A boolean or multi-valued map theory for symmetry detection
|has title::Interference from an irrelevant symmetric pattern in a color symmetry detection|
|Master:||project within::Cognitive Science|
|Student name:||student name::Valérie de Kemp|
|Second reader:||has second reader::Sander Los|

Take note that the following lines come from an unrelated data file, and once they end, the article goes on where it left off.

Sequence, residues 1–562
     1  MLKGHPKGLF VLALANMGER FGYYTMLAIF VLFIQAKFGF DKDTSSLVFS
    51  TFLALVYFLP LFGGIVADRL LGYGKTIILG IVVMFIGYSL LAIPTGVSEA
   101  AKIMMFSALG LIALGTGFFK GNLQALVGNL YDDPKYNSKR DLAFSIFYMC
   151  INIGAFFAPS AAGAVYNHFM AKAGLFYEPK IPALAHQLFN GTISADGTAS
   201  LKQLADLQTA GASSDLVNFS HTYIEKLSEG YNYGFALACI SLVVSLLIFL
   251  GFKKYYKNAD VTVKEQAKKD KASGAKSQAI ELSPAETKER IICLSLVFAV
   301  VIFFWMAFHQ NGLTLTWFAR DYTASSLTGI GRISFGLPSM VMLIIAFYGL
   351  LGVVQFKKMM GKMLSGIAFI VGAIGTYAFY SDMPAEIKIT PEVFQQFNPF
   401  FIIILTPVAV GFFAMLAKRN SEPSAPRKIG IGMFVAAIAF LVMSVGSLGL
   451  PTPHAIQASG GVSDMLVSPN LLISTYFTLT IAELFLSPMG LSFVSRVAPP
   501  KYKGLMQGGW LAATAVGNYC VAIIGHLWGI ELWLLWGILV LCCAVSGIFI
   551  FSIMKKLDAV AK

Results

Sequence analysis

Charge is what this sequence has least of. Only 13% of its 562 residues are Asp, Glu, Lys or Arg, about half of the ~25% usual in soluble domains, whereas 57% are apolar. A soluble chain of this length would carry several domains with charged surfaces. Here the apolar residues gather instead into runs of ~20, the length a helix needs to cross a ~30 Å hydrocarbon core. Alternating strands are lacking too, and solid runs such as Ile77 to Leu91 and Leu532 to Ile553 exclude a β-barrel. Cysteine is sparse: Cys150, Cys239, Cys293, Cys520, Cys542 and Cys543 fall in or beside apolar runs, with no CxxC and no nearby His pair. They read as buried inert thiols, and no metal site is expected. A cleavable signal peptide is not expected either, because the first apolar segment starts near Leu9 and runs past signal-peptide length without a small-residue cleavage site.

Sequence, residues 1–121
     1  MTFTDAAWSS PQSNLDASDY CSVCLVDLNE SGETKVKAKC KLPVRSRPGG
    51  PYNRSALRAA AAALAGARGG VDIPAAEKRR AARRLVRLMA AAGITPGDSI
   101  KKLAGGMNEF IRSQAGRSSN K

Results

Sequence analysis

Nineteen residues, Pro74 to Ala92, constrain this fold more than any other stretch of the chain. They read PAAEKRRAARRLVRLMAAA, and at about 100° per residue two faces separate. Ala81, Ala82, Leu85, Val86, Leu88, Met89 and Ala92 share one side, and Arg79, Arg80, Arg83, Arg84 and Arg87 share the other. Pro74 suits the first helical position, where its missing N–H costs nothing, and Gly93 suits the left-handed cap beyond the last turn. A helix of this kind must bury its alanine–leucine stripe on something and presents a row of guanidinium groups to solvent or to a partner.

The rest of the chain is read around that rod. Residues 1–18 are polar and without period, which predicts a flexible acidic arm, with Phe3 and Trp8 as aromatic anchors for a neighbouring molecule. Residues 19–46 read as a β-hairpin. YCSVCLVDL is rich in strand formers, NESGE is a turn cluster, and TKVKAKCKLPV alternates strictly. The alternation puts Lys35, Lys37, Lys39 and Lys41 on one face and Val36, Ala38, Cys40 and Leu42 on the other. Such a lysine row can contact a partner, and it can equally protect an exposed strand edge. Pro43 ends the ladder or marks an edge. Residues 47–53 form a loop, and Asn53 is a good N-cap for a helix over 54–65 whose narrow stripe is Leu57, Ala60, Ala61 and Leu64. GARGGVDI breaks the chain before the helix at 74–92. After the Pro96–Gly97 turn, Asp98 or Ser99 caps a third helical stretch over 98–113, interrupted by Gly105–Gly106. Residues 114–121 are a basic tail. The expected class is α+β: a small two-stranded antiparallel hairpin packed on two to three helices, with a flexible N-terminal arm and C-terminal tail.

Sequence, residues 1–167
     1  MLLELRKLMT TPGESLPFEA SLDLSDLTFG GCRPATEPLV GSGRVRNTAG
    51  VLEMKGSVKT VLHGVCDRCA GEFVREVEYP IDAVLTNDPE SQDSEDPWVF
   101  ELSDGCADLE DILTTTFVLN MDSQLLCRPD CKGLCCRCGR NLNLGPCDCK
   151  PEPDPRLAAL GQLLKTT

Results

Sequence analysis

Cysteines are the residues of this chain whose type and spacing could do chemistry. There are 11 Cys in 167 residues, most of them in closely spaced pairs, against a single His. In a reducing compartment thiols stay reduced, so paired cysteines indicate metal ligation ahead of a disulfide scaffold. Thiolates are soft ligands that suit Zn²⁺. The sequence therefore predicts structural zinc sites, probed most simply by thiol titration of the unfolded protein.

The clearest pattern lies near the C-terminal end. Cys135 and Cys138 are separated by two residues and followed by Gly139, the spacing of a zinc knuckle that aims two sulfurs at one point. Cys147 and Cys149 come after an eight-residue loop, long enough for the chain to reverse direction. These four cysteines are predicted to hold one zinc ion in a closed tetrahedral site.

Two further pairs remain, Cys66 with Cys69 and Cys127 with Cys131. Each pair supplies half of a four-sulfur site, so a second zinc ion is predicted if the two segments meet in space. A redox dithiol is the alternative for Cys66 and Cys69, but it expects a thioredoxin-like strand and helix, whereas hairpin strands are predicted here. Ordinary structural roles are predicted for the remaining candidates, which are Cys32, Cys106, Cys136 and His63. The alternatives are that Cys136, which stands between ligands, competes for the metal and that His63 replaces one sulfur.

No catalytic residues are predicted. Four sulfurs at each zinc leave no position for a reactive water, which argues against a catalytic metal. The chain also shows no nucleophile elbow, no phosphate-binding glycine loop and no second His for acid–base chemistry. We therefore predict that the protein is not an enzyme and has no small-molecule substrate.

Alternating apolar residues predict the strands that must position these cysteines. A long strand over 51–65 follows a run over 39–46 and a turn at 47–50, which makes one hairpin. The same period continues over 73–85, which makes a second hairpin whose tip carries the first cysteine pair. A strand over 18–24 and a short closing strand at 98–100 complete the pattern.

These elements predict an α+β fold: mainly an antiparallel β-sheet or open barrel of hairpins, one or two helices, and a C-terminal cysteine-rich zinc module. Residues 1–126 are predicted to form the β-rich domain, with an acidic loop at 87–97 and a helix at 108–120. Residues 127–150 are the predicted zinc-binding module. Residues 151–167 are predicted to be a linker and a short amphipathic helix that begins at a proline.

According to the Boolean map theory of visual attention it is only possible to see one feature value at a time, but it is possible to see more locations. For example, it is possible to see only one color at a time. In my study the Boolean map theory was tested. In Experiment 1 participants were shown matrices of squares in different colors. They had to indicate whether the pattern of one color, the target color, was symmetric. When the target pattern was symmetric, the reaction times and the error rates were lower, if there was a symmetric pattern in an irrelevant color. When the target was not symmetric it was the other way around. In Experiment 2 the objects in the matrices where not only squares, but also circles, triangles en crosses. When the target was symmetric participants were faster if there was an irrelevant symmetric pattern in color and shape and they were more correct if there was such a pattern or if there was an irrelevant symmetric color pattern. The results indicated that participants could not ignore the irrelevant symmetric pattern, when they attended the target pattern, suggesting that they could see two colors at a time. However the effect was greater when the irrelevant symmetric pattern was symmetric in color and shape, than when the pattern was only symmetric in color or only symmetric in shape. It was concluded that the Boolean map theory in the strict sense is untrue.